Boma La Tumaini-The House of Hope

29 Nov

In 1985, the first instance of HIV was reported in Kenya. By the year 2009, 6.3% of Kenya’s population was living with HIV/AIDS. Of those affected, 760,000 of them are women over the age of 15. With quiet and sometimes ashamed voices, most women keep the story of their disease to themselves. I was lucky enough to spend time with three women and listen to the struggles and triumphs of their HIV positive lives.  I am going to be their voice; I’m going to let the world know their stories.


            Sarah was diagnosed with HIV in 1996. She found out when her husband got sick and was emitted into the local hospital. After diagnosis, both she and her spouse lost the will to live; they thought HIV was an automatic death sentence. They sold all of there things, moved to a farm plot in Loitoktok, Kenya and they waited to die.  To their surprised, death did not come.  After becoming more educated on her sickness and with access to treatment, Sarah realized that she had something to live for: her two, uninfected, children. She is thankful every day that her boys were not infected during her pregnancy.


Like most women in Kenya, in the beginning Ann did not know that she had contracted HIV and it was causing her ill-health. Her weight dropped to 67 lbs and she lay in a hospital bed for 3 months. She didn’t know then that she had HIV. She was discharged but then readmitted again for the same symptoms. Ann’s viral HIV blood count was 22, 000.

Her misfortune did not stop there. When her family found out she was HIV positive, they sectioned off a room of their home for her to stay in. They left food by the door. “They treated me like I was a stray animal; didn’t care if I ate or not.”  She knew the atmosphere wasn’t good for her health anymore. With a combination of antiretroviral drugs, a better living environment and nutrition, her count has been brought down to 22.


Monica is a Maasai momma, who is one of the many wives of her husband. She was diagnosed with both Tuberculosis and HIV, diseases that often accompany one another in Africa, seven years ago. The other women in her boma are also HIV positive. She is the mother of two children, one being mentally handicapped. With proper treatment, Monica says she is as healthy as she’s ever been.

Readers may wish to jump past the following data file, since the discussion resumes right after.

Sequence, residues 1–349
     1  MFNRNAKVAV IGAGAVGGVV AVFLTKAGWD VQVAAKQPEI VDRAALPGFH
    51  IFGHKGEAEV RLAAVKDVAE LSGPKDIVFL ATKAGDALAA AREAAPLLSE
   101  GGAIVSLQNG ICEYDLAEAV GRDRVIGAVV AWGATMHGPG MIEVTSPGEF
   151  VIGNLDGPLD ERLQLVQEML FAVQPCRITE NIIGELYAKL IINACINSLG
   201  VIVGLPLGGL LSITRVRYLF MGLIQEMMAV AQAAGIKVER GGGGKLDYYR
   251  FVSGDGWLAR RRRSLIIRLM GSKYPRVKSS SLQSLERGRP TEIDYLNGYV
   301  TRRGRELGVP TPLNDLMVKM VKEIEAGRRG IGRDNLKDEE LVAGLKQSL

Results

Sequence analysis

All seemed to be going well until her disabled son starting showing the same symptoms she had in previous years. Upon testing, she found out that her son also was HIV positive, although he was newly infected because neither he nor his sibling had the disease at birth. With the impossibility of the infected son being sexually active, Monica had to look for another reason. The answer came in the form of her cultural practices. Maasai peoples buzz their hair very short. Monica made the mistake of using the blade she used for her own head on that of her son, thus allowing the disease to spread.

These women all have one thing in common: Boma La Tumaini. The boma was established in 2004, as a resource to the community to promote HIV/AIDS awareness in the Loitoktok region of southern Kenya. With a hospital that offers low-cost and free antiretroviral medications to HIV positive patients near the compound, the Boma is a key to the survival of those living with the disease. The compound has several buildings, which houses families of those infected and provides a constant food source to the community. Counselors at the boma offer a support group and are active in the surrounding areas in hope to promote and reinforce HIV/AIDS awareness. Also, there is an on-site testing facility, which is free to anyone concerned with his or her status. Both male and female contraceptives are available upon request and family planning seminars are given.

I visited this boma two days ago and it has been weighing on my heart and mind ever since. I knew that HIV/AIDS was an epidemic but it was so easy to brush off when I wasn’t directly affected. These women shared their lives with me and I feel like I owe them something. I’m starting out with voicing their stories; showing their strength, perseverance and their determination to not let their disease rule the rest of their lives.  By sharing their stories, I hope that I can elicit the support they need from the rest of the world. People are dying, infection is rampant and the outlook may be dim but if everyone acknowledges the existence of the disease and works towards its elimination, we could see an HIV free planet.

More information for the Boma La Tumaini can be found at:


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